Organizations should speak the same language and enforce the same financial control guidelines from budget to pay.

  • Data should be available in real time. Waiting for books to close at month’s end is too late for intervention. Use a reporting system framework that will be the transient system of record for costs until books close — bringing financial data, accruals/PO commitments, procurement data and business data (sitting in SaaS platforms) — together in real time with the same control principles, will allow for surgical intervention.

Think of this as being a prerequisite for demand control similar to managing contracts, quotes and category cards for price.

  • The quarterly/monthly governance procedure should receive the same scrutiny as the annual budgeting process.

Using available and accurate data eliminates excuses.

  • Interventions should be surgical rather than being broad “stop spending” mandates.

Build in more frequent accountability without needing to cut off strategic initiatives.

Enterprises should — and can — rapidly adapt their current practices toward value-based, data-driven budgeting. CFOs can apply the same rigor in their capital budgeting processes toward regular opex cost analysis. Align and provide CFOs with a reporting layer that offers curated, real-time insights to aid day-to-day decision-making.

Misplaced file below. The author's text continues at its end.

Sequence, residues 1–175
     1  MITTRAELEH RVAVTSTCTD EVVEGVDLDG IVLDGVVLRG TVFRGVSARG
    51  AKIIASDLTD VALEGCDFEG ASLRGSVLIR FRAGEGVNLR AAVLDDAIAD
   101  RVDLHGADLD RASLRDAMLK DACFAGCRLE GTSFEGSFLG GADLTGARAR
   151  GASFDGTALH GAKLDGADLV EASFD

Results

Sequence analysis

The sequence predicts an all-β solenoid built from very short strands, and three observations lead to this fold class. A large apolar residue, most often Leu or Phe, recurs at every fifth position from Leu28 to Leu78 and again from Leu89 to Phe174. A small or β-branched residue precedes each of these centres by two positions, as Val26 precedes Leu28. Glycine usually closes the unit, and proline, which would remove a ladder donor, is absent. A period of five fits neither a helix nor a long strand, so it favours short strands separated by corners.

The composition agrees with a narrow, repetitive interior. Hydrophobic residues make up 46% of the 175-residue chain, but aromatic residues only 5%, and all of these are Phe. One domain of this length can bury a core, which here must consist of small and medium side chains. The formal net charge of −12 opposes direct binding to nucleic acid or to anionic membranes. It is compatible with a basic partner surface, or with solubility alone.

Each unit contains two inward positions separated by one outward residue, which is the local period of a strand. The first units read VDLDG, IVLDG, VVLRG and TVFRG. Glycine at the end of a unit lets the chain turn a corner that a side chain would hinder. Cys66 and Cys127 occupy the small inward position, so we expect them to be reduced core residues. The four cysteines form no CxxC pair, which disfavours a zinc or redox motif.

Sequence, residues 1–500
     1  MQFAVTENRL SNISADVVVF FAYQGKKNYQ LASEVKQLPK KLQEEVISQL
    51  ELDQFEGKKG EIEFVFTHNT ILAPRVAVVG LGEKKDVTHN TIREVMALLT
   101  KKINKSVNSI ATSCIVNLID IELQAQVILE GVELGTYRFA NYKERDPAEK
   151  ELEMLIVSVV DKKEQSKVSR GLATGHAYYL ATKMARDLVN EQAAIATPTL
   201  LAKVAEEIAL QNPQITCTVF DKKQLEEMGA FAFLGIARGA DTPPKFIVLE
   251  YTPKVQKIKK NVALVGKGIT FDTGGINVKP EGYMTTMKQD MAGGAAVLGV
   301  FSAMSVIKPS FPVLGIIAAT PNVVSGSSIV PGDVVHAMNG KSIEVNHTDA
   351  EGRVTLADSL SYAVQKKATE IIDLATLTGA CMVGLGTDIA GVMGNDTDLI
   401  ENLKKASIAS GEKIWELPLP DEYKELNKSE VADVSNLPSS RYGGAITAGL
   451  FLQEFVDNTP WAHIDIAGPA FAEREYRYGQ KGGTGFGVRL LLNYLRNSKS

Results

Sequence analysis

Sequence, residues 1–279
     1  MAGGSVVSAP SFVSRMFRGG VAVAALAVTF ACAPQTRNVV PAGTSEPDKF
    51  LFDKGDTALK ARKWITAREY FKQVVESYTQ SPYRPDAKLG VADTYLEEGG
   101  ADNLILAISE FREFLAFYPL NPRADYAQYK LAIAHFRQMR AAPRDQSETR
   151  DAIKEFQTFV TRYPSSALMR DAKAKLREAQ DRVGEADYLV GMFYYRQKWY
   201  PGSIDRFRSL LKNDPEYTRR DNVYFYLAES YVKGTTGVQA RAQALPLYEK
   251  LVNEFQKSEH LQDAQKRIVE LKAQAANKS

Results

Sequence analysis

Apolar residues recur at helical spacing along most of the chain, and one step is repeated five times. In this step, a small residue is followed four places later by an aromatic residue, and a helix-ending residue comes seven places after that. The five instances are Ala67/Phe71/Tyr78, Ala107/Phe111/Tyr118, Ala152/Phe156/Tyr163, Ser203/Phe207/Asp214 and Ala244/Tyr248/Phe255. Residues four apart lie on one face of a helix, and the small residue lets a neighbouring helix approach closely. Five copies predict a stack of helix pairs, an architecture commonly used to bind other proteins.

What GEP’s Budget to Pay offers

Find the accuracy, accountability and discipline needed in your spend management and budgeting. Here’s how enterprises will benefit:

  • Dramatically improve how to identify and track cost-reduction programs in real time
  • Reduce maverick spend due to price, supplier and volume
  • Eliminate the need for reporting separate cost-reduction numbers from CPOs and CFOs
  • Precisely measure procurement’s ROI by linking cost reduction delivered through strategic procurement activities to budget line items in financial planning
  • Avoid blanket “cost bans” to improve cash without damaging earnings

Learn more. Read this detailed “Make the Case” analysis from Pierre Mitchell of Spend Matters.

 

GEP photo

Ashwin Kumar, GEP’s Vice President of Consulting (above), has a strong track record of delivering strategic cost reduction programs for global Fortune 100 clients across CPG, manufacturing, and retail. He has led several digital procurement and supply transformation programs that involved massive change management challenges and global supply chain complexities, while working closely with finance teams to deliver more than a billion dollars in sustainable EBITDA improvements across multi-year engagements.

He specializes in “budget-to-pay,” supply chain optimization, inventory management, organization design and the deployment of digital best practices for supply management. Ashwin brings a wealth of insights into the cultural element of change management thanks to his experience working across several geographies, from North America to Europe to the Asia Pacific.

Before joining GEP, Ashwin worked with Frost & Sullivan in the chemicals sector and is a chemical engineer by qualification. He also holds an MBA from the Indian School of Business (ISB), where he specialized in Finance.